According to the Sydney Morning Herald, Palmer’s company Blue Star Line Pty Ltd has commissioned the Chinese company CSC Jinling Shipyard to build a close replica of the infamous ship.
“It will be every bit as luxurious as the original Titanic but of course it will have state-of-the-art 21st-century technology and the latest navigation and safety systems,” Palmer said.
Just a few weeks after the centennial of the Titanic‘s original trip, Palmer referenced the men and women who toiled to create the beautiful steamliner: “These people produced work that is still marveled at more than 100 years later and we want that spirit to go on for another 100 years,” he said.
Then there’s the inevitable question: Will it sink? “Of course it will sink if you put a hole in it,” Palmer quipped to reporters. “It is going to be designed so it won’t sink…but, of course, if you are superstitious…you never know what could happen.”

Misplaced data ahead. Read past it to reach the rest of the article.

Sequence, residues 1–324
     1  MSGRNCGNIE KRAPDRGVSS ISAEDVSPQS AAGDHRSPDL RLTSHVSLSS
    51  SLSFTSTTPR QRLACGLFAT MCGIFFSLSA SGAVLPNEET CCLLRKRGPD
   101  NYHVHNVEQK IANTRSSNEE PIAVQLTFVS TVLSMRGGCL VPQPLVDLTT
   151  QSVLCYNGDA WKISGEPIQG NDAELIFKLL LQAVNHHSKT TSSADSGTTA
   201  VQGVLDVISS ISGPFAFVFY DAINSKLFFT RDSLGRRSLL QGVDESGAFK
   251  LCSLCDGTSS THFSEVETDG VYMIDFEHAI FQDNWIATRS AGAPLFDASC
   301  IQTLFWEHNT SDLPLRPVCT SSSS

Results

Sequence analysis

The ship is expected to be as aesthetically close to the original as possible, with the same dimensions, including 840 rooms and nine decks. It will offer the luxuries of a modern cruise ship — gyms, swimming pools, libraries, top notch restaurants, and comfortable cabins. And, per Palmer, the only changes will be evident below the water’s surface, as the revised Titanic will be built with state of the art engineering and will run on diesel rather than coal power.
So what will happen to the old boiler rooms? Palmer plans to turn that space into an exhibition space, showcasing Queensland as a tourist spot for international travelers.
Something tells me that Jack and Rose running through a tourist trap won’t be as exhilarating as them being chased through a coal factory. But, perhaps James Cameron will take that problem into his own hands with a Titanic II film.